The U.S. House of Representatives—a large, often unruly body of men and women elected every other year from 435 distinct microcosms of America—has achieved renown as “the people’s House,” the world’s most democratic institution, and an acute Rorschach of biennial public passions. In the midterm election year 2010, recession-battered Americans expressed their discontent with a simultaneously overreaching and underperforming government by turning the formerly Democratically controlled House over to the Republicans. Among the new GOP majority were eighty-seven freshmen, many of them political novices with Tea Party backing who pledged a more open, responsive, and fiscally thrifty House. What the 112th Congress instead achieved was a public standing so low—a ghastly 9 percent approval rating— that, as its longest-serving member, John Dingell, would dryly remark, “I think pedophiles would do better.” What happened? Robert Draper explores this question just as he examined the Bush White House in his 2007 New York Times bestselling book Dead Certain: The Presidency of George W. Bush—by burrowing deeply inside the subject, gaining cooperation of the major players, and producing a colorful, unsparingly detailed, but evenhanded narrative of how the House of Representatives became a house of ill repute. Draper’s cast of characters spans the full spectrum of political experience and ideologies—from the Democrat Dingell, a congressman since 1955 (though elbowed out of power by the party’s House leader, Nancy Pelosi), to Allen West, a black Republican Tea Party sensation, former Army lieutenant colonel, and political neophyte with a talent for equal opportunity offending. While unspooling the boisterous, at times tragic, and ultimately infuriating story of the 112th Congress, Draper provides unforgettable portraits of Gabrielle Giffords, the earnest young Arizona congresswoman who was gunned down by a madman at the beginning of the legislative session; Anthony Weiner, the Democrats’ clown prince and self-made media star until the New Yorker self-immolated in a sex scandal; the strong-willed Pelosi and her beleaguered if phlegmatic Republican counterpart, House Speaker John Boehner; the affable majority whip, Kevin McCarthy, tasked with instilling team spirit in the iconoclastic freshmen; and most of all, the previously unknown new members who succeeded in shoving Boehner’s Republican Conference to the far right and thereby bringing the nation, more than once, to the brink of governmental shutdown or economic default. In this lively work of political narrative, Draper synthesizes some of the most talked-about breaking news of the day with the real story of what happened behind the scenes. This book is a timely and masterfully told parable of dysfunction that may well serve as Exhibit A of how Americans lost faith in their democratic institutions. *** “Congress will rise June 1st, as most of us expect. Rejoice when that event is ascertained. If we should finish and leave the world right side up, it will be happy. Do not ask what good we do: that is not a fair question, in these days of faction.” —Congressman Fisher Ames, May 30, 1796 In Do Not Ask What Good We Do, Robert Draper captures the prophetic sentiment uttered by Fisher Ames over two centuries ago. As he did in writing about President George W. Bush in Dead Certain, Draper provides an insider’s book like no one else can—this time, inside the U.S. House of Representatives. Because of the bitterly divided political atmosphere we live in, because of the combative nature of this Congress, this literary window on the backstage machinations of the House is both captivating and timely—revealing the House in full, from the process of how laws are made (and in this case, not made) to the most eye-popping cast of lawmakers Washington has ever seen.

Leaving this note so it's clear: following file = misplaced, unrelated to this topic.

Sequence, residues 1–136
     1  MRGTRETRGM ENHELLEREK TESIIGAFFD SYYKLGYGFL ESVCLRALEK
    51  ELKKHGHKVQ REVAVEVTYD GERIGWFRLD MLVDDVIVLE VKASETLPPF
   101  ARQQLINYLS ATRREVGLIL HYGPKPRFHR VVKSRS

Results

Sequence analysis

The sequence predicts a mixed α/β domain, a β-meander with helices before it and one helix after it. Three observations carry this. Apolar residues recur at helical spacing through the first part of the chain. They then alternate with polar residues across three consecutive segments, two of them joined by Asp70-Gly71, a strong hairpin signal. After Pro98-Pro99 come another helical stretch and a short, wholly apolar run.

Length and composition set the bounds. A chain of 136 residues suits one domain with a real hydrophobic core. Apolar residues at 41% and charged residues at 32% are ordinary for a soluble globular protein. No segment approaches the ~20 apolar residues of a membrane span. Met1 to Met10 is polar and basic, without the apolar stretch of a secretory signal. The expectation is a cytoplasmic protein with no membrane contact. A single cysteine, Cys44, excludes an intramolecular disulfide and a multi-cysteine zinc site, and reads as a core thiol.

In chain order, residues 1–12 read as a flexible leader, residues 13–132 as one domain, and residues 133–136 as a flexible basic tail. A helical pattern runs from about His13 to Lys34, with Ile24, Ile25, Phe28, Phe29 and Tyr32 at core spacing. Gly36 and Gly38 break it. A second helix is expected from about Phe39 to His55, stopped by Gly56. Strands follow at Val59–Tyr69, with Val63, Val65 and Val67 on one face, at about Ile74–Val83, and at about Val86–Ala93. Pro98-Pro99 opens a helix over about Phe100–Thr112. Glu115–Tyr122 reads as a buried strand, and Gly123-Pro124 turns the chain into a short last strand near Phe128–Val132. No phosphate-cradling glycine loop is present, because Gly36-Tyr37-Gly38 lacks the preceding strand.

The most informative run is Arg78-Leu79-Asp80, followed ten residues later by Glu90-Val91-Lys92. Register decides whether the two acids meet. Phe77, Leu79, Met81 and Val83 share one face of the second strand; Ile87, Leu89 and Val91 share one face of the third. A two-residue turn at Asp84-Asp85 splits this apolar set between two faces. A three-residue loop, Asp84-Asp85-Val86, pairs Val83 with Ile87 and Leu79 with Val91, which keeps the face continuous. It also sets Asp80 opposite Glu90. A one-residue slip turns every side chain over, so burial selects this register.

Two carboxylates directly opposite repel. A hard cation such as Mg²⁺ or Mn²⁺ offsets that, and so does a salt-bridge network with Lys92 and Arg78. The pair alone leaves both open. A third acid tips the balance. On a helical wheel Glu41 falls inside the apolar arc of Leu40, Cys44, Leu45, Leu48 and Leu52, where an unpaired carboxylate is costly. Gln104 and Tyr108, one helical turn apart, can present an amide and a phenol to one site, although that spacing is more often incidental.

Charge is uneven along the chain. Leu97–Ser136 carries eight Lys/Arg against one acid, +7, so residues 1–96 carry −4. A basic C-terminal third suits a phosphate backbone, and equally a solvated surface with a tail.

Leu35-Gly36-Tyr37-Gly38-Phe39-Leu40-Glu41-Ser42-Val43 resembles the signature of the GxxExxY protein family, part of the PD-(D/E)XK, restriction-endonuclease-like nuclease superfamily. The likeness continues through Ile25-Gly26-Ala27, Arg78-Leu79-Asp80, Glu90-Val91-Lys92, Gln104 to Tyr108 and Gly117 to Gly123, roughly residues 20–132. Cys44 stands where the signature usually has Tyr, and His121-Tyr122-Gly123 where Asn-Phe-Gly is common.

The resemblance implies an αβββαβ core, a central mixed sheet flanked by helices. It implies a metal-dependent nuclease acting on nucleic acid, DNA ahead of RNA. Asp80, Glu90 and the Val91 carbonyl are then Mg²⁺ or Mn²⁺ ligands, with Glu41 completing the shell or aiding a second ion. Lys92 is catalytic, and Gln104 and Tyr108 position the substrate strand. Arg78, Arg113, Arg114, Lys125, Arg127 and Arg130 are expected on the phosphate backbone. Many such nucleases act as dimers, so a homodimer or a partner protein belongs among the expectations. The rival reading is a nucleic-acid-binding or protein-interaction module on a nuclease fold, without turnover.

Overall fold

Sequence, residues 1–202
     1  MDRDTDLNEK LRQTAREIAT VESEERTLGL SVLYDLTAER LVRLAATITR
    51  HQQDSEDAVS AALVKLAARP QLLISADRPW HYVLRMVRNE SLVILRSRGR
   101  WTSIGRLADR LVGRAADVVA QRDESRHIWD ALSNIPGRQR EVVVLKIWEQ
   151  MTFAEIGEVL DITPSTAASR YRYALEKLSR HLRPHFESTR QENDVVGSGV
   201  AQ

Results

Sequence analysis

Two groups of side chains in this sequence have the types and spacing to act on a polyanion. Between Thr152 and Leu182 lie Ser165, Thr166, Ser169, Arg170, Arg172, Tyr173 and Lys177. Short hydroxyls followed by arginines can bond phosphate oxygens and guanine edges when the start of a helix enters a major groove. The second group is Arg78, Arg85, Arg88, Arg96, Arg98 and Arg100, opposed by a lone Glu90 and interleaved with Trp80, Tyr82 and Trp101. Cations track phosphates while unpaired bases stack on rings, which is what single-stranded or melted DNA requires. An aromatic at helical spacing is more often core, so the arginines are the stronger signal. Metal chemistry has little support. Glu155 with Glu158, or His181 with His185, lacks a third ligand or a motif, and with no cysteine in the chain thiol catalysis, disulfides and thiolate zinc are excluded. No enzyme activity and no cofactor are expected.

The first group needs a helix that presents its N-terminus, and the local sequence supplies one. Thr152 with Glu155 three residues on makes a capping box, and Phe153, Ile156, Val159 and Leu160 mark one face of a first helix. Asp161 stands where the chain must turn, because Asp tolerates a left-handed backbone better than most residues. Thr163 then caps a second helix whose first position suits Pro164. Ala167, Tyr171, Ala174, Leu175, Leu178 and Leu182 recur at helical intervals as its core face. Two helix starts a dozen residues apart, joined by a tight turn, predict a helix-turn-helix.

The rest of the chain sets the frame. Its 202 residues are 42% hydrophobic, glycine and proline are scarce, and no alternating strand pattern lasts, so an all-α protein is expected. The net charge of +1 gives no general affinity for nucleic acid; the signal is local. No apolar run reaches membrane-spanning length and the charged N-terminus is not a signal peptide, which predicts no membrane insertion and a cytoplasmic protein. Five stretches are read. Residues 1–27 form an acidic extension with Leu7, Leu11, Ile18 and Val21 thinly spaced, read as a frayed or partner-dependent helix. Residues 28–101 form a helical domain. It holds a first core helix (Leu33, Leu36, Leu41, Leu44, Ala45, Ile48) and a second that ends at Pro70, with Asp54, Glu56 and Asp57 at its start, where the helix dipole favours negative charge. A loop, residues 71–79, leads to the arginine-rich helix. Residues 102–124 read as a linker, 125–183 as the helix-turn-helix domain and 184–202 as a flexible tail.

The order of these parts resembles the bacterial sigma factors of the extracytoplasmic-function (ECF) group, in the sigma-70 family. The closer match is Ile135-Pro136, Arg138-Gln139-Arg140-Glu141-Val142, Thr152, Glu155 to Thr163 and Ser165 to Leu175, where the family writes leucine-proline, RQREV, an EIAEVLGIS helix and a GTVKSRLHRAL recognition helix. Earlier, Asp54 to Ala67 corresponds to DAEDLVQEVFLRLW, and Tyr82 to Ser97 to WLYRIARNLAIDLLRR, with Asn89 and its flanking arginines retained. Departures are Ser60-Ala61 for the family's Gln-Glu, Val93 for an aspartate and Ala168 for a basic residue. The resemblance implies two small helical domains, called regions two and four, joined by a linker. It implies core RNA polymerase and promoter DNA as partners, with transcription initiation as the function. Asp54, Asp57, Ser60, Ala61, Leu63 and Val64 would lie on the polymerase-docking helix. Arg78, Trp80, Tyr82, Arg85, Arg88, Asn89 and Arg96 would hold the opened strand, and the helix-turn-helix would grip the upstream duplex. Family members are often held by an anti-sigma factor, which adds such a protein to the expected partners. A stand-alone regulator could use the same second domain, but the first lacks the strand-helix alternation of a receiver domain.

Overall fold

Hadrian's Walls